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Effects of intravenous administration of allogenic bone marrow- and adipose tissue-derived mesenchymal stem cells on functional recovery and brain repair markers in experimental ischemic stroke

María Gutiérrez-Fernández1, Berta Rodríguez-Frutos1, Jaime Ramos-Cejudo1, M Teresa Vallejo-Cremades1, Blanca Fuentes1, Sebastián Cerdán2 and Exuperio Díez-Tejedor1*

Author Affiliations

1 Department of Neurology and Stroke Centre, Neuroscience and Cerebrovascular Research Laboratory, La Paz University Hospital, Neuroscience Area of IdiPAZ (Health Research Institute), Autónoma University of Madrid, Madrid, 28046, Spain

2 Laboratory for Imaging and Spectroscopy by Magnetic Resonance LISMAR, Institute of Biomedical Research Alberto Sols, CSIC-UAM, Madrid, 28029, Spain

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Stem Cell Research & Therapy 2013, 4:11  doi:10.1186/scrt159


See related commentary by Ikegame, http://stemcellres.com/content/4/1/9

Published: 28 January 2013

Abstract

Introduction

Stem cell therapy can promote good recovery from stroke. Several studies have demonstrated that mesenchymal stem cells (MSC) are safe and effective. However, more information regarding appropriate cell type is needed from animal model. This study was targeted at analyzing the effects in ischemic stroke of acute intravenous (i.v.) administration of allogenic bone marrow- (BM-MSC) and adipose-derived-stem cells (AD-MSC) on functional evaluation results and brain repair markers.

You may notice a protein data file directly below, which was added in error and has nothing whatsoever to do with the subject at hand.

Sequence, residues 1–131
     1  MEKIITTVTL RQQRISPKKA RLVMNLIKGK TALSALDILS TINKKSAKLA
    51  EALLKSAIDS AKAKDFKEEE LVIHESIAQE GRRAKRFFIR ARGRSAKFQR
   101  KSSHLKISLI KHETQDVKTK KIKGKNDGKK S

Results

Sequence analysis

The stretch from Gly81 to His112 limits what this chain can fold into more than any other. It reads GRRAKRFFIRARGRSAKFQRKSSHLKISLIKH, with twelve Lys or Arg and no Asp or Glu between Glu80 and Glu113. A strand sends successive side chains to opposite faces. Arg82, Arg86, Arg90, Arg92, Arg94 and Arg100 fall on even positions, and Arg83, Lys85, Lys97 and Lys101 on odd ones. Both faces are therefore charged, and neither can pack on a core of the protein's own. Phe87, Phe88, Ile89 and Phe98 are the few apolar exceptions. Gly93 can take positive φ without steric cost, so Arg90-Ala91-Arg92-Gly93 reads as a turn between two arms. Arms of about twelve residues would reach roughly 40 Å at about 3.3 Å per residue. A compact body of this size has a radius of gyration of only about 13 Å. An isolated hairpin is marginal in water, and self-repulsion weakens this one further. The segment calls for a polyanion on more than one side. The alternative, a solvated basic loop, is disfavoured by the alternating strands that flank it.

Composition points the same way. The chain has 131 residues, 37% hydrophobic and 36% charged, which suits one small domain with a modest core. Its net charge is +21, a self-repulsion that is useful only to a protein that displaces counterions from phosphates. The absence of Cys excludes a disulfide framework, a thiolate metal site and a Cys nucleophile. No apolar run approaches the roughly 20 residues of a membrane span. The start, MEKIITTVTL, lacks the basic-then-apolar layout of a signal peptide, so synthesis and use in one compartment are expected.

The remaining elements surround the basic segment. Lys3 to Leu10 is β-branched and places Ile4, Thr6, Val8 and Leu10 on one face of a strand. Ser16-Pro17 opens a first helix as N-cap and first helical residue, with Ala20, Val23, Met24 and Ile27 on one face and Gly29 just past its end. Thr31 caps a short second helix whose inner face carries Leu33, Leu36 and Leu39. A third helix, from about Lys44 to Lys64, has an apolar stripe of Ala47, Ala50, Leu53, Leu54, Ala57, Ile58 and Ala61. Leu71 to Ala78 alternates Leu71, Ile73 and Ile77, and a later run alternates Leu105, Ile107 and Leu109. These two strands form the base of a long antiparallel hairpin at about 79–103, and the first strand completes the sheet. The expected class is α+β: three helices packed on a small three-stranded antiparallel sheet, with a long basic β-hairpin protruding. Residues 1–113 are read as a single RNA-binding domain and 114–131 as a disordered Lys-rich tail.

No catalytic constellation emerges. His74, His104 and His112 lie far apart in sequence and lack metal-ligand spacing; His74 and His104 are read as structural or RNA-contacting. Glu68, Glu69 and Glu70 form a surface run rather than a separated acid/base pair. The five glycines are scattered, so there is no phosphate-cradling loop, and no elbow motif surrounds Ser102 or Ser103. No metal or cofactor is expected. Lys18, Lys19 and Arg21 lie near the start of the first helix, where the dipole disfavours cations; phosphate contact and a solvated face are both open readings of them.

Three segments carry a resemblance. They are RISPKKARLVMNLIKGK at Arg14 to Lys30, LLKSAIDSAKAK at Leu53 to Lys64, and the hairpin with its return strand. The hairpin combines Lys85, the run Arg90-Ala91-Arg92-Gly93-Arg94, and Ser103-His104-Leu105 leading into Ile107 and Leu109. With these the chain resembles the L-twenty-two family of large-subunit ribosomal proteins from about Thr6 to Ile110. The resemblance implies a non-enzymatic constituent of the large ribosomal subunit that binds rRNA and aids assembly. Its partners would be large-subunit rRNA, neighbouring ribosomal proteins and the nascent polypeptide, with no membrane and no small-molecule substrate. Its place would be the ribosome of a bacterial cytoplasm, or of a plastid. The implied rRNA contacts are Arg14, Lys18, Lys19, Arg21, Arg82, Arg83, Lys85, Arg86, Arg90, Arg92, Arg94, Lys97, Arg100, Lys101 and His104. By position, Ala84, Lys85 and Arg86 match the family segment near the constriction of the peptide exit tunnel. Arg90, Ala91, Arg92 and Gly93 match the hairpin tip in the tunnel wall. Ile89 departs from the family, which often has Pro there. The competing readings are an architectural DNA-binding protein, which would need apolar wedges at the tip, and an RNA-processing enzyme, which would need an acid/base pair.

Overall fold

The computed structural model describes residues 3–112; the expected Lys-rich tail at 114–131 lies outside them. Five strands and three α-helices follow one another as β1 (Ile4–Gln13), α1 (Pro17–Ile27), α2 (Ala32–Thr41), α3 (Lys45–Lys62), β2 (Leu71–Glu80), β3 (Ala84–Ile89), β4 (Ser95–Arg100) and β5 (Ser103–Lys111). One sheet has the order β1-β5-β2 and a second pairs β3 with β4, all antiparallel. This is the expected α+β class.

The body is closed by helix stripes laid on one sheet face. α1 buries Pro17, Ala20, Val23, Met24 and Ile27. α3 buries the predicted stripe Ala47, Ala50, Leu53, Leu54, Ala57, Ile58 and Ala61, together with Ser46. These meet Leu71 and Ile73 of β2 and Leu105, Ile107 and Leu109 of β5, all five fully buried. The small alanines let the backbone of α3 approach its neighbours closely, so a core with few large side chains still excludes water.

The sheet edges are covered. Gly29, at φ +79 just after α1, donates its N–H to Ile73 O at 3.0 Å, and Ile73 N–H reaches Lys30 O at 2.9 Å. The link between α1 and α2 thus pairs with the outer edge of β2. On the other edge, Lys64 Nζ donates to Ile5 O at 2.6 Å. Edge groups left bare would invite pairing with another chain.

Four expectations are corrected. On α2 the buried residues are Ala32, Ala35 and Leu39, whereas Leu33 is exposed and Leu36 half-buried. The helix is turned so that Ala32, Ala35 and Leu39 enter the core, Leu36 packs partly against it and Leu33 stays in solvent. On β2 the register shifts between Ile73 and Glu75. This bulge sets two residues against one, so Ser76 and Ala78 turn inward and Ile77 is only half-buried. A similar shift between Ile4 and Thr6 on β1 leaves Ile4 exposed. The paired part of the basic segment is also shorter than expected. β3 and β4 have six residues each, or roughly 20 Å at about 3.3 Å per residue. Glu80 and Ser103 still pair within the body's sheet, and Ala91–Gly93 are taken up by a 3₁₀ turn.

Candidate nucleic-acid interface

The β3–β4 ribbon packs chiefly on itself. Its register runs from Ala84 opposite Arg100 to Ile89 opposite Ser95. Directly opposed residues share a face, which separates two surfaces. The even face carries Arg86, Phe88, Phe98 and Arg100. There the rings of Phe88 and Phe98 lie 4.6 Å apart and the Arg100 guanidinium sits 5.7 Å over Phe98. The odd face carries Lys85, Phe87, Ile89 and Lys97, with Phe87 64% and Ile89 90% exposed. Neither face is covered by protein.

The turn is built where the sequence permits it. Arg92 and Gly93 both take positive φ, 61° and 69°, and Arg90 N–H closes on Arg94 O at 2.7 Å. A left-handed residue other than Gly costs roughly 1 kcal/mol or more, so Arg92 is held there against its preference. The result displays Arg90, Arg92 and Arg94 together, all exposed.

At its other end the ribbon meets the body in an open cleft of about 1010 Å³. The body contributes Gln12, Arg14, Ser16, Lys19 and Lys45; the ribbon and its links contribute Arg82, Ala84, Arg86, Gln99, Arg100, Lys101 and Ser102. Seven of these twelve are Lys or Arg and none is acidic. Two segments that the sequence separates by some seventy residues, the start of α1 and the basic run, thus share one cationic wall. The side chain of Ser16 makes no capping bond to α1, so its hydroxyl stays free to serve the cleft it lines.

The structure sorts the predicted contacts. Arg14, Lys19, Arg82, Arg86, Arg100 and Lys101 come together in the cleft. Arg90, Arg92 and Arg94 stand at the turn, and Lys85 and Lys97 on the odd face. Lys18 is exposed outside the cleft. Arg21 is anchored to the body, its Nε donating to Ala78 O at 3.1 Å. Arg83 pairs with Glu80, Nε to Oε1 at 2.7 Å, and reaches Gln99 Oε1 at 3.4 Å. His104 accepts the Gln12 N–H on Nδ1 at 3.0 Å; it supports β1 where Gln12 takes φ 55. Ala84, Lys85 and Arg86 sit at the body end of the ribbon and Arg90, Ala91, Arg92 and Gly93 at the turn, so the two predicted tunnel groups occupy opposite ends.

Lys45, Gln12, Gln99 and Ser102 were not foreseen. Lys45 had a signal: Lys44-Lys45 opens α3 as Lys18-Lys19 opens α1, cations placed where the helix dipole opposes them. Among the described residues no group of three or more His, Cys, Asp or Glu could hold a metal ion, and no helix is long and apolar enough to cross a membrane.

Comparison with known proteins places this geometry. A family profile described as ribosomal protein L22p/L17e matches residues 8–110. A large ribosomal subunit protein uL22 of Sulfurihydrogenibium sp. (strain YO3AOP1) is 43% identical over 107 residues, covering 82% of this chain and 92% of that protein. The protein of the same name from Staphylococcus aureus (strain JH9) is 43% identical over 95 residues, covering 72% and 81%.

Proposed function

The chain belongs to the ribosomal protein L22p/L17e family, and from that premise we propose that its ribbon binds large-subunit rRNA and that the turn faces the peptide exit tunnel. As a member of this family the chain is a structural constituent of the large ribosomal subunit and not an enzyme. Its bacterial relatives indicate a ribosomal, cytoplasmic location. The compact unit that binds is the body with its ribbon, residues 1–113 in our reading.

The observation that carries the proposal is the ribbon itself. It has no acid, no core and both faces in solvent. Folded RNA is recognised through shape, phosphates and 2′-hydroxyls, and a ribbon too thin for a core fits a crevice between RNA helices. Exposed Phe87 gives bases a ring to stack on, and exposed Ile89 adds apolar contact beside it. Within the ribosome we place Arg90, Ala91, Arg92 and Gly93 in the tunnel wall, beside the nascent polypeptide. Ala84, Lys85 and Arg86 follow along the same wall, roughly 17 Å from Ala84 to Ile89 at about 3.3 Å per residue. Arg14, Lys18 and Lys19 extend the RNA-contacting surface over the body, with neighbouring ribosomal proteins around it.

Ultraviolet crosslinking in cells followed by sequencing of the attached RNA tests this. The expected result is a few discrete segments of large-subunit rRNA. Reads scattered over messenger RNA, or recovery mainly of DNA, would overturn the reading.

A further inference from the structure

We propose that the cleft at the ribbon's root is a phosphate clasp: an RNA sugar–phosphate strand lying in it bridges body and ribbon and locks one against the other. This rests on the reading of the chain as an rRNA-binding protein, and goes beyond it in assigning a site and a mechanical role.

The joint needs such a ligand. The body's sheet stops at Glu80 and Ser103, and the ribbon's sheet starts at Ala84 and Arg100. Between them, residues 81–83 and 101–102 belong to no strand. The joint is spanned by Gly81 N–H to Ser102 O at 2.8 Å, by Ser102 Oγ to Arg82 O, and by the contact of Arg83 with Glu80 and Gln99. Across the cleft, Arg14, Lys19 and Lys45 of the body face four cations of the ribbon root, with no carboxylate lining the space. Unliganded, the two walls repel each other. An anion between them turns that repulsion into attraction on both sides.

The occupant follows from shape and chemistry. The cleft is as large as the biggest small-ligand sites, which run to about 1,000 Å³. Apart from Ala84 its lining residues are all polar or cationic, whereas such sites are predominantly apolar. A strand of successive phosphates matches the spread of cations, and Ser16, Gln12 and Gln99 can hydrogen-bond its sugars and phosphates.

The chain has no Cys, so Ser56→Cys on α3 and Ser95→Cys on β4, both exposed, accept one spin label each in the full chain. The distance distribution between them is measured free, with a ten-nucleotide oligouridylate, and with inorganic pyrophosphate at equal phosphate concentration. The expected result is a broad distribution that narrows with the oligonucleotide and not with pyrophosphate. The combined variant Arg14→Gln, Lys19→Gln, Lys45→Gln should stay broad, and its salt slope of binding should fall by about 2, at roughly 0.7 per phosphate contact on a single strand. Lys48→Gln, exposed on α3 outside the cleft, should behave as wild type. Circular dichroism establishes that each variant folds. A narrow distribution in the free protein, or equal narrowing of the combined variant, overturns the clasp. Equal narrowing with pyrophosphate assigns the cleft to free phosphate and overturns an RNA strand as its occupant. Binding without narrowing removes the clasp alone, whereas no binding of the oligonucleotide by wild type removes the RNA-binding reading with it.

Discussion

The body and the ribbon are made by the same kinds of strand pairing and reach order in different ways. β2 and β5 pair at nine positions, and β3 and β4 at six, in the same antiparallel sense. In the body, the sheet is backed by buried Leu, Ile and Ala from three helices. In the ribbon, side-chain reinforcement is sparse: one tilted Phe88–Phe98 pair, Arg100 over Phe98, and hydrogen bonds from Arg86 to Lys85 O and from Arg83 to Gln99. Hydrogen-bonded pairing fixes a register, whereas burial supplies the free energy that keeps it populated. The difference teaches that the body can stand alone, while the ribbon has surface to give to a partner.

Methods

Allogenic MSC (2 × 106 cells) were administered intravenously 30 minutes after permanent middle cerebral artery occlusion (pMCAO) to rats. Infarct volume and cell migration and implantation were analyzed by magnetic resonance imaging (MRI) and immunohistochemistry. Function was evaluated by the Rogers and rotarod tests, and cell proliferation and cell-death were also determined. Brain repair markers were analyzed by confocal microscopy and confirmed by western blot.

Results

Compared to infarct group, function had significantly improved at 24 h and continued at 14 d after i.v. administration of either BM-MSC or AD-MSC. No reduction in infarct volume or any migration/implantation of cells into the damaged brain were observed. Nevertheless, cell death was reduced and cellular proliferation significantly increased in both treatment groups with respect to the infarct group. At 14 d after MSC administration vascular endothelial growth factor (VEGF), synaptophysin (SYP), oligodendrocyte (Olig-2) and neurofilament (NF) levels were significantly increased while those of glial fiibrillary acid protein (GFAP) were decreased.

Conclusions

i.v. administration of allogenic MSC - whether BM-MSC or AD-MSC, in pMCAO infarct was associated with good functional recovery, and reductions in cell death as well as increases in cellular proliferation, neurogenesis, oligodendrogenesis, synaptogenesis and angiogenesis markers at 14 days post-infarct.